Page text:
The latest developments on the Russia-Ukraine war:
KYIV, Ukraine — Ukrainian authorities said Friday that a fire at Europe’s biggest nuclear plant ignited by Russian shelling has been extinguished, and that Russian forces have taken control of the site.
The regional military administration said in a statement that the fire at the Zaporizhzhia plant in Enerhodar was extinguished, and that there is damage to the compartment of reactor No. 1 but it does not affect the safety of the power unit.
No information was immediately available about casualties.
The military administration said Russian forces took control of the site and that operational personnel are ensuring its safe operation.
Earlier, plant officials had said that shelling hit an administrative building and reactor No. 1.
The town mayor and state emergency service also said the fire was extinguished.
KYIV, Ukraine — A Russian air strike on Thursday destroyed the power plant in Okhtyrka, leaving the city without heat or electricity, the head of the region said on Telegram. In the first days of the war, Russian troops attacked a military base in the city, located between Kharkiv and Kyiv, and officials said more than 70 Ukrainian soldiers were killed.
“We are trying to figure out how to get people out of the city urgently because in a day the apartment buildings will turn into a cold stone trap without water, light or electricity,” Dmytro Zhyvytskyy said.
LONDON — The office of British Prime Minister Boris Johnson says he will seek an emergency UN Security Council meeting after Russian troops in Ukraine attacked a nuclear power plant and sparked a fire.
Johnson’s office says he spoke to Ukrainian President Volodymyr Zelenskyy in the early hours of the morning. He says Britain will raise the issue immediately with Russia and close partners.
Johnson’s office says he and Zelenskyy agree Russia must immediately cease attacking and allow emergency services unfettered access to the plant. The two agree to ceasefire is essential.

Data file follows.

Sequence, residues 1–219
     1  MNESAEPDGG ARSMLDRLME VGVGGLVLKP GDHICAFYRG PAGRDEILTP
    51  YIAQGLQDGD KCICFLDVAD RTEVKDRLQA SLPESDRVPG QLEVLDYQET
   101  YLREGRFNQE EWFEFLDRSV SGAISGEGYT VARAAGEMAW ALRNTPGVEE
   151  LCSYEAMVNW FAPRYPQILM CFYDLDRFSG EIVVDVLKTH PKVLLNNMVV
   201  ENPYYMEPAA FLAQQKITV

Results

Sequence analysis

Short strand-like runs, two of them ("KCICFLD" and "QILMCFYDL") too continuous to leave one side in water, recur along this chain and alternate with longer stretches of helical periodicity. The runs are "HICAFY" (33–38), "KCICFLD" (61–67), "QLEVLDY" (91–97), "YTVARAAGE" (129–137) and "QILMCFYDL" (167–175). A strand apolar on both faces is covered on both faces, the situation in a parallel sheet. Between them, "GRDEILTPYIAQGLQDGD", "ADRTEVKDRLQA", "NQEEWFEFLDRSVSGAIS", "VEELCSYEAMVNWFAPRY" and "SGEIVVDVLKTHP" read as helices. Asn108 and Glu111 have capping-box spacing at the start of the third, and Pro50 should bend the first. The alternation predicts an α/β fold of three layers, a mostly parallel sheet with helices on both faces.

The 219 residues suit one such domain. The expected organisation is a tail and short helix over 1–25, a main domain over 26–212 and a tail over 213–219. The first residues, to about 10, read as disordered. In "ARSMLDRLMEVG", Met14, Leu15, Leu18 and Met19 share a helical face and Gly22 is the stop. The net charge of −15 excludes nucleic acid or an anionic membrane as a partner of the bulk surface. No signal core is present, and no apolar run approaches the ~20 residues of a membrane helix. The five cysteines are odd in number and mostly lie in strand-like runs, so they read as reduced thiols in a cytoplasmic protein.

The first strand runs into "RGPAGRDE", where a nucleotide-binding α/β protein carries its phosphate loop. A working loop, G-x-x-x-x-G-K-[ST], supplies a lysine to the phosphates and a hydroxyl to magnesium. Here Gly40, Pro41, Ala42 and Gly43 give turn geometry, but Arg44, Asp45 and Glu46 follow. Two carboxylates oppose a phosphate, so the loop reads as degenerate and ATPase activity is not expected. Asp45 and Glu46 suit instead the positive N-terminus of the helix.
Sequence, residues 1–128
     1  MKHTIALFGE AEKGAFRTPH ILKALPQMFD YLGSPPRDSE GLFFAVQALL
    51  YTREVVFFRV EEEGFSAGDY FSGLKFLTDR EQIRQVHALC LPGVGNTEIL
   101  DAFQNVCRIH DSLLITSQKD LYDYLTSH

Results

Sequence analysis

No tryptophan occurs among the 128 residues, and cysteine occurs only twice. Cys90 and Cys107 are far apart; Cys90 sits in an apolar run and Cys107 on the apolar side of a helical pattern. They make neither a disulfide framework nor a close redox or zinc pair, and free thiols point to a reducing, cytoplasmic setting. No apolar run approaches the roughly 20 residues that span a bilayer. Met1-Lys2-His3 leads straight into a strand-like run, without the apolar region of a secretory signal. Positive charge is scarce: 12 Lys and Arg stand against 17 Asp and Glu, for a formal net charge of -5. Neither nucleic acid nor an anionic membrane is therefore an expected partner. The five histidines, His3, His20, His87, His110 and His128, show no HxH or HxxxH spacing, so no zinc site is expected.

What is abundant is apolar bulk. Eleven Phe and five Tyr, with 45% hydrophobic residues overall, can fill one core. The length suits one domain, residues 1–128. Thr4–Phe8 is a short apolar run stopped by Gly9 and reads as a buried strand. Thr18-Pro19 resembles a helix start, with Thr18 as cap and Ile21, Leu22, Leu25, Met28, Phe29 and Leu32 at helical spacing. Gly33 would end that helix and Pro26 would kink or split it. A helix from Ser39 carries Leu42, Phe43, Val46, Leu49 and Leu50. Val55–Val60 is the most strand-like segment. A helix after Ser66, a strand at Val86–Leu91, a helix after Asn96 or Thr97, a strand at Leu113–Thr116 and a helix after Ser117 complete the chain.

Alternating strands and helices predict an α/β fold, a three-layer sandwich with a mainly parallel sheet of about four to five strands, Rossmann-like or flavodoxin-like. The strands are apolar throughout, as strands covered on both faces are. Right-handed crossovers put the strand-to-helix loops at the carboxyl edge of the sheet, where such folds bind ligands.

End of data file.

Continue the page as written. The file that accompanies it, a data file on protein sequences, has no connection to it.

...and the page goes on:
“The Prime Minister said the reckless actions of (Russian President Vladimir) Putin could now directly threaten the safety of all of Europe,” Johnson’s office said in a statement. “He said (the United Kingdom) would do everything it could to ensure the situation did not deteriorate further.”
Canadian Prime Minister Justin Trudeau says he also spoke with Zelenskyy about the attacks on the power plant.
“These unacceptable attacks by Russia must cease immediately,” he said on Twitter.
KYIV — Ukrainian President Volodymyr Zelenskyy says he has informed the leaders of the US, Britain, the European Union and the International Atomic Energy Agency about the dire threat of nuclear disaster after Russian troops shelled a nuclear power plant.
“If there is an explosion – that’s the end for everyone. The end for Europe. The evacuation of Europe,” he said in an emotional speech in the middle of the night.
“Only urgent action by Europe can stop the Russian troops. Do not allow the death of Europe from a catastrophe at a nuclear power station,” he said
He’s calling on politicians and citizens to pressure Russian leadership to stop Russian troops.
WASHINGTON — Ukrainian President Volodymyr Zelenskyy updated US President Joe Biden about the fire at a nuclear power station shelled by Russian troops.
The White House said Biden and Zelenskyy urged Russia to cease its military activities in the area and allow firefighters and emergency responders to access the site.
Biden also got another update on the situation from the undersecretary for nuclear security at the US Department of Energy and the administrator of the US National Nuclear Security Administration.